Osteopathy, Physiotherapy and Chiropractic – differences and similarities

This is a common question which practitioners from all three therapeutic modalities are asked. While the differences used to be more defined historically, it's difficult to differentiate each therapy nowadays as there are quite a number of techniques and treatment approaches which we all share. Some of you will be aware of these, having perhaps been to manual therapists from all three, however others may only be aware of physiotherapy through the NHS (which is actually quite different to the treatment protocol offered by private physiotherapists).


Osteopathy is a manual therapy which aims to reduce pain and return patients back to full function by addressing problems we find in the neuro-musculo-skeletal system (nerves, muscles and skeleton). This mostly involves treatment of the muscles and joints using gentle approaches such as soft-tissue massage, stretching, joint articulation and release (manipulation) and, depending on whether the practitioner has had further training, dry needling (similar to acupuncture) and cranial osteopathy.

All UK Osteopaths have completed a 4 year degree with rigorous clinical training after-which they have to be registered with the General Osteopathic Council (GosC). 30 hours of continued professional development is required from us to enable us to remain on the register.




As with Osteopathy, physiotherapy is a degree-based healthcare profession which focuses on reducing pain by restoring movement and function predominantly through exercise rehabilitation. A lot of time is spent on exercise prescription and explanation as a means to empower the patient to participate in and achieve their own recovery. There is usually little soft tissue massage or hands on manual therapy applied by NHS physiotherapists due to time constraints while private physiotherapists often treat in a similar way to Osteopaths and, more recently, a number of them also apply dry needling and have taken short courses to learn manipulation of the spine and other joints.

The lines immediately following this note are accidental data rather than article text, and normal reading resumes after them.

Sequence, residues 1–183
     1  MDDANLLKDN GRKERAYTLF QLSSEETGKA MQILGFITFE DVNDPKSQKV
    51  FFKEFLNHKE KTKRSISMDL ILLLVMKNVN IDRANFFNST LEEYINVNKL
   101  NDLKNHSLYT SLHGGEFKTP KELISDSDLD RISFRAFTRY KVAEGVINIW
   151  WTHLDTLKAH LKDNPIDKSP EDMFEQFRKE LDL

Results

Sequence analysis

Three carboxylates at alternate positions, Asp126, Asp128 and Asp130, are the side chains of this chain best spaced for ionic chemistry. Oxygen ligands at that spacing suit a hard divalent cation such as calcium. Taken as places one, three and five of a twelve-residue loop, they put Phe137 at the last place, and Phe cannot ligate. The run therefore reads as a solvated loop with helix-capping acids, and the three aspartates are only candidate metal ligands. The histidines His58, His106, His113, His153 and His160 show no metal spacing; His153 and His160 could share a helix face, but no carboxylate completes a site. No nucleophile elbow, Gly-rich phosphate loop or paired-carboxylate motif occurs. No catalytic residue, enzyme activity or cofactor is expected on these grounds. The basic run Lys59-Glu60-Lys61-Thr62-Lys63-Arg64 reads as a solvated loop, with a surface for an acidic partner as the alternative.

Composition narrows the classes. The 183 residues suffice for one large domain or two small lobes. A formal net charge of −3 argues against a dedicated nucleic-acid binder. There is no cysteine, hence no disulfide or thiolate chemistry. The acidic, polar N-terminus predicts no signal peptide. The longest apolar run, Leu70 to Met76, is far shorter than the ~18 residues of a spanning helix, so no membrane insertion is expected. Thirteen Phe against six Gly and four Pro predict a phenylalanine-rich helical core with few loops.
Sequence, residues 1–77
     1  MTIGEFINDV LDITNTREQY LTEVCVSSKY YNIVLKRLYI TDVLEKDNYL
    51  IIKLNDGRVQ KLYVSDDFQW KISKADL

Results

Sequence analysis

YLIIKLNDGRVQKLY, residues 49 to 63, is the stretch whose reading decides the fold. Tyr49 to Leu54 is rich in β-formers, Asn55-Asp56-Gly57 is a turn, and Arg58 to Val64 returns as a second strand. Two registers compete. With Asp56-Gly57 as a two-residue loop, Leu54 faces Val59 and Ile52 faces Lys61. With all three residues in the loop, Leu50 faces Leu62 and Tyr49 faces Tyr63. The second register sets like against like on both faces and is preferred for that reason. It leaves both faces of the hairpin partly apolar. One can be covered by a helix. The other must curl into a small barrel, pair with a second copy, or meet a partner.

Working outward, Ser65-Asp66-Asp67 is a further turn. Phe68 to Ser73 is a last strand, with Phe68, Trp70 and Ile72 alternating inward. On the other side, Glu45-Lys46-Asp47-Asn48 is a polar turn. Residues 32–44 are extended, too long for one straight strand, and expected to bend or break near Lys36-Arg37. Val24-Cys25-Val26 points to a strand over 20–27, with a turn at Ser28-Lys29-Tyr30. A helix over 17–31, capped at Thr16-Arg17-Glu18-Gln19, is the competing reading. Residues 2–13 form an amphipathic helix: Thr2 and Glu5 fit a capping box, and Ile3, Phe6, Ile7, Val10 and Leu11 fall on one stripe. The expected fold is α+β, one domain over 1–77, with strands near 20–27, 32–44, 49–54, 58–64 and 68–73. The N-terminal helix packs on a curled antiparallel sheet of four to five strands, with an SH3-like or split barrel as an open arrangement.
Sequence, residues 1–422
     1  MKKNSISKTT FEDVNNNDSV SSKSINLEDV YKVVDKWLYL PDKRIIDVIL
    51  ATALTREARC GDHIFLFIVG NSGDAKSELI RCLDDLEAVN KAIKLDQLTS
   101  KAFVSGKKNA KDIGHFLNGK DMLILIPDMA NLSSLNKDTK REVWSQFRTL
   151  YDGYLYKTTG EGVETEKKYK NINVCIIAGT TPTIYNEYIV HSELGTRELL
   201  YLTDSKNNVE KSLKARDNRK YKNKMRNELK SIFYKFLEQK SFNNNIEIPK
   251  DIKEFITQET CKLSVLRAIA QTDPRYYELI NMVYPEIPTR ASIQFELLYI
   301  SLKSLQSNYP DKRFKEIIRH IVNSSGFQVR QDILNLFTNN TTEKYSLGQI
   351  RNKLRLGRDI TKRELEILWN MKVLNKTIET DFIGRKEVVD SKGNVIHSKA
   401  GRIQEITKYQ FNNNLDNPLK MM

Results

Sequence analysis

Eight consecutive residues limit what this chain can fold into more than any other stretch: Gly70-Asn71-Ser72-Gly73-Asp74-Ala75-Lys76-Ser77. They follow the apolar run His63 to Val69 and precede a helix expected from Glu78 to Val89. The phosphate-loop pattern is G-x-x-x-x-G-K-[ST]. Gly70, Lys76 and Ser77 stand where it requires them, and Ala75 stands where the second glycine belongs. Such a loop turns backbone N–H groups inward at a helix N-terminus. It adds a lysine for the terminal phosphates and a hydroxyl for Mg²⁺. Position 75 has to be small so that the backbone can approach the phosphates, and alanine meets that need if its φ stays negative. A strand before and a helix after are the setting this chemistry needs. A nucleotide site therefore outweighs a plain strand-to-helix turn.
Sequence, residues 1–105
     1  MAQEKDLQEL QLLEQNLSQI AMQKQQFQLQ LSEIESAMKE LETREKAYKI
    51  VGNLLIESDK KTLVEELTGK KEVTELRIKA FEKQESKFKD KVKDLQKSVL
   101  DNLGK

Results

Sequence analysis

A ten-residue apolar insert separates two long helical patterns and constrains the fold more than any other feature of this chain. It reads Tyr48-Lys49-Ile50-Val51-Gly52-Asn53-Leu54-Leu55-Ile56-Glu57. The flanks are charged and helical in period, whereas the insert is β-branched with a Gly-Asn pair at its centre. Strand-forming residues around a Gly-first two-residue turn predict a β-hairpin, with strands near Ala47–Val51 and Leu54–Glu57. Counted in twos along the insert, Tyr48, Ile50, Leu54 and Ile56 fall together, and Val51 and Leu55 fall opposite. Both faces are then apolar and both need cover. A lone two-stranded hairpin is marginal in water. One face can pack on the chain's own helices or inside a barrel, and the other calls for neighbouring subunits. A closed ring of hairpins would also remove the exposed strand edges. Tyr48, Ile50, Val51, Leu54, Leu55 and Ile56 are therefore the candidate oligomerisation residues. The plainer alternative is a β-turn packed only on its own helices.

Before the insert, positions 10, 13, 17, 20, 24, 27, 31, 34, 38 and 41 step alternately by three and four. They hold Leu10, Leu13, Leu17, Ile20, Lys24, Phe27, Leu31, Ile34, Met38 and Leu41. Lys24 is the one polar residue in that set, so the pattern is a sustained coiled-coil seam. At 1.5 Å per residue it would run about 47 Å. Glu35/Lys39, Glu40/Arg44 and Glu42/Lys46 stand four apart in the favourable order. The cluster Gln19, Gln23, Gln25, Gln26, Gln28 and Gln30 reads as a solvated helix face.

Physiotherapists practising in the UK must be regulated by the Health and Care Professions Council (HCPC) and complete CPD hours annually.



Again, as with Osteopathy, Chiropractic is a healthcare profession concerned with the diagnosis, treatment and prevention of disorders of the neuro-musculo-skeletal system and the effects of these disorders on general health. There is an emphasis on manual techniques including joint adjustment and/or manipulation with a typical focus on subluxations (misalignments of the spine). Chiropractics also study for 4 years, are regulated (by the General Chiropractic Council) and have to complete CPD hours each year. Chiropractors are working more and more like Osteopaths by including soft-tissue massage and other treatments other than manipulation.


If you're in need of treatment, it's really all about finding a practitioner and therapy which suits you best. There are good and bad practitioners in all three of these professions so it's about having a chat with them, looking online and ensuring that they are part of recognised regulatory body, getting recommendations from friends and family and, otherwise, going for an initial consultation.

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